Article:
For the first time in sixteen years Damascus has inaugurated a new five-star luxury hotel. The Golden Mazzeh is a ten-story reminder that some Syrians are surviving America’s economic sanctions better than others. Its 111 suites and rooms, ten restaurants and bars, two outdoor swimming pools, ballroom, meeting rooms, theater, gym, and conference center make it a formidable competitor to the older Sheraton and Four Seasons. Guests can sip martinis in its two rooftop bars while contemplating a 360-degree panorama of the sprawling Syrian capital: suburban apartment complexes and parks to the west, Mount Qasioun to the north, and to the east the ancient walled city where Saint Paul eluded his persecutors and which tradition says the Prophet Muhammad bypassed in the belief that man could enter paradise only once. An Italian architect, Massimo Rodighiero, designed the hotel, whose manager, Patrick Prudhomme, is French. In the eucalyptus-shaded public garden across from the entrance, mothers watch their children as traffic rumbles along the nearby Mazzeh Highway toward Beirut.
This is the road that first delivered me to Damascus at Easter 1973, before high-rise government offices, embassies, and apartments for a new class of military officers, civil servants, and merchants absorbed semirural, suburban Mazzeh into the metropolis. I was a tourist then, an ignorant American graduate student on his way by land from Lebanon to Aqaba in Jordan, pausing long enough for lunch and a little sightseeing. When I returned the following October to cover the war with Israel, it was as a journalist on a visa approved by the Ministry of Information’s obstructive, sluggish bureaucracy. Since then I’ve had to apply to the ministry whenever I sought to return.
When I submitted my latest request on October 16, the Syrian consulate in Beirut informed me, “The visa process takes twenty to thirty days to get a response from Syria.” Three months later the ministry had yet to respond. Syrian and Lebanese friends with wasta—influence—in Damascus offered to obtain a visa for me through the more powerful Ministry of Interior. To my surprise, they succeeded. I took a taxi from Beirut to the Syrian border post at Jdaideh, where an officer behind the counter examined the visa and checked his computer. When my journalist status flashed up, he declared that I could not enter without the imprimatur of the Ministry of Information. My driver remonstrated with him, until a man in civilian clothes behind us offered help. He told the officer to admit me if I wrote a letter affirming that I had retired from journalism and would not be reporting from Syria. I did so, the official relented, and I paid $140 for the visa stamp. When I turned to thank my savior, he had disappeared.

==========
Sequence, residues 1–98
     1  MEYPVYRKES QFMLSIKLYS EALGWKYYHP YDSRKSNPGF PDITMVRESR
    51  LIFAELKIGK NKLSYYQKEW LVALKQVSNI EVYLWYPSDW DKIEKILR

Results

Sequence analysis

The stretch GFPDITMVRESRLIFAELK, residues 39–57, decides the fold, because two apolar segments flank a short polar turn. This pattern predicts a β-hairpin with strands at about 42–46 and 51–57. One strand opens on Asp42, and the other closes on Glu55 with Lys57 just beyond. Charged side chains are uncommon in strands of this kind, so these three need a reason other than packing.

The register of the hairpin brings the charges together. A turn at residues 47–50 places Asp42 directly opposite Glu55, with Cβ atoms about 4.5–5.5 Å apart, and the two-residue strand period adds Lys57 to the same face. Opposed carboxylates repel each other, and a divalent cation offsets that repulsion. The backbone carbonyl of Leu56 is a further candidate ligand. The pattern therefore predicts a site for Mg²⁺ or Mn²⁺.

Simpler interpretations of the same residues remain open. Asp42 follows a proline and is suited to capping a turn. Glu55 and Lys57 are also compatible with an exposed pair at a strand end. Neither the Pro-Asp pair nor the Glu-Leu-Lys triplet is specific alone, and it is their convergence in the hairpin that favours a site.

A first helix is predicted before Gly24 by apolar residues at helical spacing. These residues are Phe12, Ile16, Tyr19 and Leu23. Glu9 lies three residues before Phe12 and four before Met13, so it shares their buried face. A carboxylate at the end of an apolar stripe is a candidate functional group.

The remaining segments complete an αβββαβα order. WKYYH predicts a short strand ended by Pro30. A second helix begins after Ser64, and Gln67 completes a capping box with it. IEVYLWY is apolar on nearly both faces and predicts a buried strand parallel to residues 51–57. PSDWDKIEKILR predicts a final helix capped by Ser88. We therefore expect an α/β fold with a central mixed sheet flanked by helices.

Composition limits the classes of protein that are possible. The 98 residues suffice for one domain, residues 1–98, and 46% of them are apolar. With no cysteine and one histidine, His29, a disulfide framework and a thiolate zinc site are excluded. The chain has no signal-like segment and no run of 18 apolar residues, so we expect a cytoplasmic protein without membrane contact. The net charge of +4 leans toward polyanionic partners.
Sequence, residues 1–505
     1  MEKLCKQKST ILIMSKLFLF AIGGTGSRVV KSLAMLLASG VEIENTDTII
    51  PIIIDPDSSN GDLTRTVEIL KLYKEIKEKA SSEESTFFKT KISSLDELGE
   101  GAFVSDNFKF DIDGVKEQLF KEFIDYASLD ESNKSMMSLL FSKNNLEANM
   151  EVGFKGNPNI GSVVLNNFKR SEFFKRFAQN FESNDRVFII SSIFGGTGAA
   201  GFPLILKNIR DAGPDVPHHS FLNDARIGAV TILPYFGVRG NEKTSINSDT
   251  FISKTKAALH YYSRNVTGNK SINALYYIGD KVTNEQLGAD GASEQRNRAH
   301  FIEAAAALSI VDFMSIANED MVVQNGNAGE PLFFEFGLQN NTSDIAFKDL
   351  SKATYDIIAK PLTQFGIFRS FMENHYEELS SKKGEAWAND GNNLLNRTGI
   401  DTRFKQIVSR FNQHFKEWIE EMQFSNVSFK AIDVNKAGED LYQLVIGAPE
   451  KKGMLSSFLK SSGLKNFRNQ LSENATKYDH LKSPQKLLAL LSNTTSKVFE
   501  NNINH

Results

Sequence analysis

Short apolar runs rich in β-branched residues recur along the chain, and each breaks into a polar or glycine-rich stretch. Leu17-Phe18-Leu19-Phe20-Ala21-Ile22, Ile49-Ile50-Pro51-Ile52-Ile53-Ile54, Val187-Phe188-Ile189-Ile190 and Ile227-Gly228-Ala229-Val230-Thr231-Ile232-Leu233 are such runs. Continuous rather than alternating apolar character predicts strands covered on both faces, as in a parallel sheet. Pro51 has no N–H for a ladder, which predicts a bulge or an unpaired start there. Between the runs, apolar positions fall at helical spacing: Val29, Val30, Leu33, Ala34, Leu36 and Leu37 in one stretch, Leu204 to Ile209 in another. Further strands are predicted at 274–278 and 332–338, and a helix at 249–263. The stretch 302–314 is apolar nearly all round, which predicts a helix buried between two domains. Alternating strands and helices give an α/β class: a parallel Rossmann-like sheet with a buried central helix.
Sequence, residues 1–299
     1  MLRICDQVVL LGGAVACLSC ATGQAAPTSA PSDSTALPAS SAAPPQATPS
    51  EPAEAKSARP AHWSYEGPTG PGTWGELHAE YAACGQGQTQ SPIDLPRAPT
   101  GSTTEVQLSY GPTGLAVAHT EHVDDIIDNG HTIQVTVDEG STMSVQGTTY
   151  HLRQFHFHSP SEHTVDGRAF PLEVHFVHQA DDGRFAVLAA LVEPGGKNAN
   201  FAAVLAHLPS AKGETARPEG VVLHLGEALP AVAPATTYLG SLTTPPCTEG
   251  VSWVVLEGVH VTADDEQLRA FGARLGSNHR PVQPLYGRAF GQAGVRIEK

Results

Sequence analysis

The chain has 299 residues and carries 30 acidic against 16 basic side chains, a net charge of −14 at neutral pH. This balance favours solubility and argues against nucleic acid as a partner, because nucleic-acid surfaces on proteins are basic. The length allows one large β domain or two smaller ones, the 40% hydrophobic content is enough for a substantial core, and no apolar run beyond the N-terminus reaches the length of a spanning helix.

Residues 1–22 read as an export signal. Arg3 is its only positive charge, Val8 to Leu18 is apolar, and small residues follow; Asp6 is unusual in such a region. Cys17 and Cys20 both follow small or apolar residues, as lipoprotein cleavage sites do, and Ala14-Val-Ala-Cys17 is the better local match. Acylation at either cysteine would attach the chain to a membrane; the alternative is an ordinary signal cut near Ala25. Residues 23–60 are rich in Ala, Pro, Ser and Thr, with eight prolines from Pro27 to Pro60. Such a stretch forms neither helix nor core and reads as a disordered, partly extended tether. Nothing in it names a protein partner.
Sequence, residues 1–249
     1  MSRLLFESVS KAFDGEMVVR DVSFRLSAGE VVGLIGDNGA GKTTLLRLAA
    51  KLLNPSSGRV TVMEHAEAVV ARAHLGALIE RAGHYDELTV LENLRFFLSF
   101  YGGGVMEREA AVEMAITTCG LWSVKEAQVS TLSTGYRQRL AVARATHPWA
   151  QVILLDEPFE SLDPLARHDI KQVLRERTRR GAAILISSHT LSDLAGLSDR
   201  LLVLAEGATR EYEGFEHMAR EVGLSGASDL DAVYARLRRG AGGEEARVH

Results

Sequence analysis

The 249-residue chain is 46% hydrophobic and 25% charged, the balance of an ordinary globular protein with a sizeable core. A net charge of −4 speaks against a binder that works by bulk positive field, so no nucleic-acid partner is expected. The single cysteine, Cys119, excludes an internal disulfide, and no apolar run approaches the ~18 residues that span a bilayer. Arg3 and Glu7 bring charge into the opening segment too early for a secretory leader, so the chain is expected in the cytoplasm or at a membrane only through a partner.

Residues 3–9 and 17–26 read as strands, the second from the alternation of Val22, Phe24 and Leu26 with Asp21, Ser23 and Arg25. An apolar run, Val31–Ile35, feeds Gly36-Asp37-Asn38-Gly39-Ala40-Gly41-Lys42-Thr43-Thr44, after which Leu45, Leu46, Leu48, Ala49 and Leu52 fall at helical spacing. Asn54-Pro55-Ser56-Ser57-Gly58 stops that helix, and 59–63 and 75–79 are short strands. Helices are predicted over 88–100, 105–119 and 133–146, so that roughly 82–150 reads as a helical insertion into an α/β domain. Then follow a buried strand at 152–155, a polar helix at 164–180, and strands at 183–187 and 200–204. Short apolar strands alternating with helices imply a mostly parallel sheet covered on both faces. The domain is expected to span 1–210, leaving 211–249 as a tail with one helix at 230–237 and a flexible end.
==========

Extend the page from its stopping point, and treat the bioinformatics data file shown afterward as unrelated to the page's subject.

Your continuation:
Relieved of my journalist status, I skipped interviews with officials in favor of meeting friends, visiting monuments and museums, lingering in coffeehouses, gossiping with shopkeepers, and hearing again and again that life is unbearable. Electricity is supplied one hour in every six. Gasoline and diesel to run cars, heaters, and kitchen stoves are in short supply and, when available, too expensive for the average worker. Iran has increased the price it charges Syria for seaborne deliveries of refined oil, only one of the reasons Syrians pay about ten times what the next-door Lebanese pay for a liter of gasoline. Oil traders point to the government’s hoarding of gasoline and diesel in storage tanks near Baniyas harbor, which delays distribution and keeps prices—and profits—high.
The value of the Syrian pound has dropped steadily, from 3,000 to the US dollar last year to 6,500 when I arrived, and it continued to fall while I was there. With the largest denomination note only 5,000 pounds, men carry thick bricks of cash in handbags. Bread costs 40,000 pounds a kilo. A year ago, it was a mere 500. Meat, vegetables, olive oil, and other basics are beyond the means of most Syrians. The World Food Program (WFP) estimates that 12 million out of Syria’s remaining 18 to 21 million inhabitants—6.6 million have fled the country since the civil war began in 2011—do not have enough to eat. More than a quarter of a million qualify for assistance to ameliorate what the WFP calls “acute malnutrition.” The World Health Organization had recorded more than 50,000 cases of cholera across Syria by the end of last year and warns of other epidemics due to the shortage of imported medicines…
Read the full review on The New York Review of Books